So there you have it! Our Top 10 Work Tax Deduction Tips. It’s important to highlight that all of these tips come with their own special rules. That’s where accountants come in to make these complicated areas as easy as possible to make sure you are getting the biggest refund possible.

If you think there is something you might have missed on your last year’s tax return, give us a call on 1300 541 777 or visit our website and we’re happy to do a review, to see how we can increase your tax refund. If you’re looking for a pro-active Tax Accountant for your tax return this tax time, we’re ready to help you over the phone or at one of our offices.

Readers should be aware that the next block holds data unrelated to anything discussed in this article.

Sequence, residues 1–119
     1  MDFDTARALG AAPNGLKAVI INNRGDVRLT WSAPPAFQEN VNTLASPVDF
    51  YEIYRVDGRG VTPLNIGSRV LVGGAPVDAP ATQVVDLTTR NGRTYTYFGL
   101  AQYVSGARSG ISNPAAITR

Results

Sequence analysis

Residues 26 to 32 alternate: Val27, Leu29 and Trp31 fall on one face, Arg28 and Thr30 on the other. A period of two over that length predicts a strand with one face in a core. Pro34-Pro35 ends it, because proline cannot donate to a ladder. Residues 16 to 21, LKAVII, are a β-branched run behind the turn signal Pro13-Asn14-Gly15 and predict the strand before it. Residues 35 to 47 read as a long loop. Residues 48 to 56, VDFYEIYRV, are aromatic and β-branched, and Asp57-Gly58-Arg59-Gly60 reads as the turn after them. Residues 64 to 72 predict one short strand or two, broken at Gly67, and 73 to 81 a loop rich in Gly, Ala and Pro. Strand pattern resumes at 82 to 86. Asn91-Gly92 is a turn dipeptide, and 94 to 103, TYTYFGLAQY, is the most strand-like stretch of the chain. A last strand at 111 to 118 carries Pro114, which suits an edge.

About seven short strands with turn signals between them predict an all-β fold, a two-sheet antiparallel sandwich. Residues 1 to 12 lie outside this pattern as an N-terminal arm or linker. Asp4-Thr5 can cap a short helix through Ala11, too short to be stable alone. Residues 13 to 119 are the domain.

News Flash: The Australian Federal Budget in May 2015 changed the method of depreciation of assets with ACCELERATED DEPRECIATION. This means that all small businesses will get an immediate tax deduction for any individual assets they buy costing less than $20,000. (Currently, the threshold sits at $1,000).

This $20,000 limit applies to each individual item. Small businesses can apply this $20,000 rule to as many individual items as they wish. These arrangements start from Budget Night, May 12th 2015 and continue until the end of June 2017.

Author of this article:
Miriam Clappis is a CPA and founder of Flinders Accounting, dedicated to providing quality and affordable accounting, tax, superannuation, savings, home loans and insurance advice to people across Australia. Connect with Miriam on Facebook or email.